Browns committed to ground game

Ralph N. Paulk
| Wednesday, Sept. 3, 2014, 9:30 p.m.

BEREA, Ohio — Finally, after months of shining the spotlight on rookie quarterback Johnny Manziel, the focus has seemingly shifted to the Cleveland Browns' retooled, rebuilt ground game — one that could conceivably fuel their engine this season.

Admittedly, offensive coordinator Kyle Shanahan isn't likely to rely solely on the oft-erratic arm of quarterback Brian Hoyer. Instead, he seems prepared to lean on the team's free agent acquisition, running back Ben Tate.

If the Browns are to beat the Steelers for only the third time since 2003, they must run the ball effectively in the season opener on Sunday at Heinz Field.

It's that simple. And it's seemingly their only shot, considering the Browns will be without All-Pro wide receiver Josh Gordon, who was banned for the entire season for violating the league's substance abuse policy.

“I think we can get it done on the ground, but it all starts with the guys up front,” said Tate, who led the Houston Texans in rushing last season. “If they do their jobs, I'll do mine.”

Shanahan, the former Washington Redskins offensive coordinator, has said often this preseason that he wants to establish a running game to alleviate some of the burden from Hoyer and Manziel.

The Browns attempted an NFL-high 681 passes last season, or 42.56 per game.

In an effort to commit to the ground game, the Browns first committed to re-signing two-time Pro Bowl center Alex Mack. Then, they scoured a shallow free agent pool to lure Tate, selected Terrance West with a third-round pick in the NFL Draft and gambled on undrafted free agent rookies Isaiah Crowell and Ray Agnew, a fullback.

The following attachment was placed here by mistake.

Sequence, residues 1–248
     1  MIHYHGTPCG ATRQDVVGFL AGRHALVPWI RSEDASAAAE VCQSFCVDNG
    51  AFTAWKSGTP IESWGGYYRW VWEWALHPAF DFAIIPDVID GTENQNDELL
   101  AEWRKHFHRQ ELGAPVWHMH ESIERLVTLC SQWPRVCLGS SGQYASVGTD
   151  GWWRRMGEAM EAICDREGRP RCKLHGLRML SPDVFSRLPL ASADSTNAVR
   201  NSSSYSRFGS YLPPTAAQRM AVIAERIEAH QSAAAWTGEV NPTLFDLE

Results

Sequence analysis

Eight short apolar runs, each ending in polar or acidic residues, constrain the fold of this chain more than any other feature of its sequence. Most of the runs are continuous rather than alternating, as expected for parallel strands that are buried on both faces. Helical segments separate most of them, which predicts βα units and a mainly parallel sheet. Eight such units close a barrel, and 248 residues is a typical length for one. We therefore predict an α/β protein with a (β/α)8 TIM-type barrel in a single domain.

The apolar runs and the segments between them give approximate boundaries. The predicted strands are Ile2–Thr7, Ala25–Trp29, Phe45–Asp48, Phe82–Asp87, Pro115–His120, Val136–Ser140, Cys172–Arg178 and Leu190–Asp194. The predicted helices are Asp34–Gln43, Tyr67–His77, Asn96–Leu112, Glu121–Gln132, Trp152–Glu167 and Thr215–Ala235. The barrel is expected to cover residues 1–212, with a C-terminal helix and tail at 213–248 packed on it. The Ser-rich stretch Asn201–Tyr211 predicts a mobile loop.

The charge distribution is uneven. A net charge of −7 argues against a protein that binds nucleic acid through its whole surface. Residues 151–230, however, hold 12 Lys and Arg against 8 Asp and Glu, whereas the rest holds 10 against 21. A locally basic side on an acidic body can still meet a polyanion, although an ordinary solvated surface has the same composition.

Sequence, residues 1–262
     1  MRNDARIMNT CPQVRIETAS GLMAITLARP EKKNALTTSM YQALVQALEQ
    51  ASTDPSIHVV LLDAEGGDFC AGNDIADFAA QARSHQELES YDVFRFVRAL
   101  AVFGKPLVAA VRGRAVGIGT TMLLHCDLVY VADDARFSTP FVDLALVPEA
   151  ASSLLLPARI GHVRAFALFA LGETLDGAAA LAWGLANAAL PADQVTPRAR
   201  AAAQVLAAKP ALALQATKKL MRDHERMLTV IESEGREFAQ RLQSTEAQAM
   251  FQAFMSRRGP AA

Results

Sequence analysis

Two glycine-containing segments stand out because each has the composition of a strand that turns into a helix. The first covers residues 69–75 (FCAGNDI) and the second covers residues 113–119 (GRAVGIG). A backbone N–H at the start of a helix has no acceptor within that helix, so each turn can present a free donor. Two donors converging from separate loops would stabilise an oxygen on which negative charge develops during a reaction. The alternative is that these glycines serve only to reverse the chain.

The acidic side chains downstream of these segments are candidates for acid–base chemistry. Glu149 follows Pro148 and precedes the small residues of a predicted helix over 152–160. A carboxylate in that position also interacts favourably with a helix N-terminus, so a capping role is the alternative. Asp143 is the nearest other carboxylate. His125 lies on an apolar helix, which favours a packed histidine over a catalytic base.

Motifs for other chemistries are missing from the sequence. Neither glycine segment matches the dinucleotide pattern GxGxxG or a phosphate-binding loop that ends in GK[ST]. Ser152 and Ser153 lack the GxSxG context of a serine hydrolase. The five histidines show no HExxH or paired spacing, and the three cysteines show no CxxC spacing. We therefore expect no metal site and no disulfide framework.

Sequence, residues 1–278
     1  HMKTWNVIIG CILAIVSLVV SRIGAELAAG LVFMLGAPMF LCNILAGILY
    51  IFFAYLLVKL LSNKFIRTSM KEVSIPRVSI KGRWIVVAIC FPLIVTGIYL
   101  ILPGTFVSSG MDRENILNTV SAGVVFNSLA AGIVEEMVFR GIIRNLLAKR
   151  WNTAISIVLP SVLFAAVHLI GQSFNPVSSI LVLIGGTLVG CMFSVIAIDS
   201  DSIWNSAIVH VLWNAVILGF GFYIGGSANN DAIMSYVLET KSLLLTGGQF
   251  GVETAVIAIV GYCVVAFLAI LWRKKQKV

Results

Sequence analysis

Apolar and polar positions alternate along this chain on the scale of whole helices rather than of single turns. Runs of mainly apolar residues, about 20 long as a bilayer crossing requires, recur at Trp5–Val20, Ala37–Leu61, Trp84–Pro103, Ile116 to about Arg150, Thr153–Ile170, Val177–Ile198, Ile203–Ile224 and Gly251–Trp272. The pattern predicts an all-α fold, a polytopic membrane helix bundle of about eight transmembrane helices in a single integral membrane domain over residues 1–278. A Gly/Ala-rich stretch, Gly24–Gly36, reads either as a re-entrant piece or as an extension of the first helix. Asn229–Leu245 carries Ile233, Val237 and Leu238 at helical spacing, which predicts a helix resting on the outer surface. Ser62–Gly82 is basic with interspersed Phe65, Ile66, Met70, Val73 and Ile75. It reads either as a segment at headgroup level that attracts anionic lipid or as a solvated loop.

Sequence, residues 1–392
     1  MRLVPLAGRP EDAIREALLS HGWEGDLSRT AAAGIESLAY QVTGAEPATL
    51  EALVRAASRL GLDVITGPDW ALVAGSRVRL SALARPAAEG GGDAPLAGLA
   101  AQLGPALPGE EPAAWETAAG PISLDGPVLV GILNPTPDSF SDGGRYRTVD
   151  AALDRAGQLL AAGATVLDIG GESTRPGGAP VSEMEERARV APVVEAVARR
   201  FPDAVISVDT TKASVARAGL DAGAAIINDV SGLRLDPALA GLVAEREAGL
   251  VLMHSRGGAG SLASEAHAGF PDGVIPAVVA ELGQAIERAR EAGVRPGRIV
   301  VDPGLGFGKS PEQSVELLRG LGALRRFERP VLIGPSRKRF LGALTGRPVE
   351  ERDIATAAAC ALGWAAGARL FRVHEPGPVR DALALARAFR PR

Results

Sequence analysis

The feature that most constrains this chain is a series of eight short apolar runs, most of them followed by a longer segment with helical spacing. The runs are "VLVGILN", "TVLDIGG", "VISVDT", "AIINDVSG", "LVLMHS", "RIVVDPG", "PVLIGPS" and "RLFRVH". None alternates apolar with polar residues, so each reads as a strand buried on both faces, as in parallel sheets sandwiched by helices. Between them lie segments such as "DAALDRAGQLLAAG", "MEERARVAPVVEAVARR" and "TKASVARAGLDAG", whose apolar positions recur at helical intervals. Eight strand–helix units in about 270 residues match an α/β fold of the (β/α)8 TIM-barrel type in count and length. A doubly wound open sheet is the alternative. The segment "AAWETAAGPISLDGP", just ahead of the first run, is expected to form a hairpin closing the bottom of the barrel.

“I don't think it's going to be tough all having a new group of running backs,” Tate said. “I think this group is better than it was the last couple of years here.”

If numbers are a barometer, then Tate's assessment is right. The Browns and Steelers were 27th in rushing in 2013, averaging 86.4 yards The Browns appeared to make some strides during the preseason as they averaged 110.2 yards while the Steelers were last with 67.2.

“This offense starts with the run, so it's important for us to run the ball against the Steelers,” Tate said. “It's good to know that our success could determine the success of the team, so we'll do whatever it takes to win.”

Tate spearheads a ground game that has been largely overlooked, in part, because of the training camp duel between Manziel and Hoyer. Yet, Shanahan used the preseason to build depth at running back.

“We are serious about running the football,” Agnew said. “When you look at Shanahan's offense in Washington, they've always been good in the ground game.”

The Browns decided to overhaul the run game almost completely. Last season's top three rushers — Willis McGahee, Chris Ogbonnaya and Edwin Baker — are no longer on the roster.

Tate wasn't spectacular during the preseason, but a 4.0 rushing average gives Browns coach Mike Pettine confidence he can be far more productive than McGahee, who averaged only 2.7 yards per carry on 138 attempts. The Browns are confident they can run the ball Sunday, partly because the Steelers were 21st against the run last season, and they didn't appear to find a remedy during the preseason.

“We're hoping we'll be able to throw the ball, but with this offense we'll put a lot of eggs in our running-game basket,” veteran offensive tackle Joe Thomas said. “Everything comes back to our ability to run the ball.

“I'm anxious to see how our running backs and offensive line will do against a tough Steelers' defense,” Thomas added. “If we can do it against the best, it'll mean a lot to our offense — and it'll be a good indicator of what we can accomplish this season.”

Ralph N. Paulk is a staff writer for Trib Total Media. Reach him at

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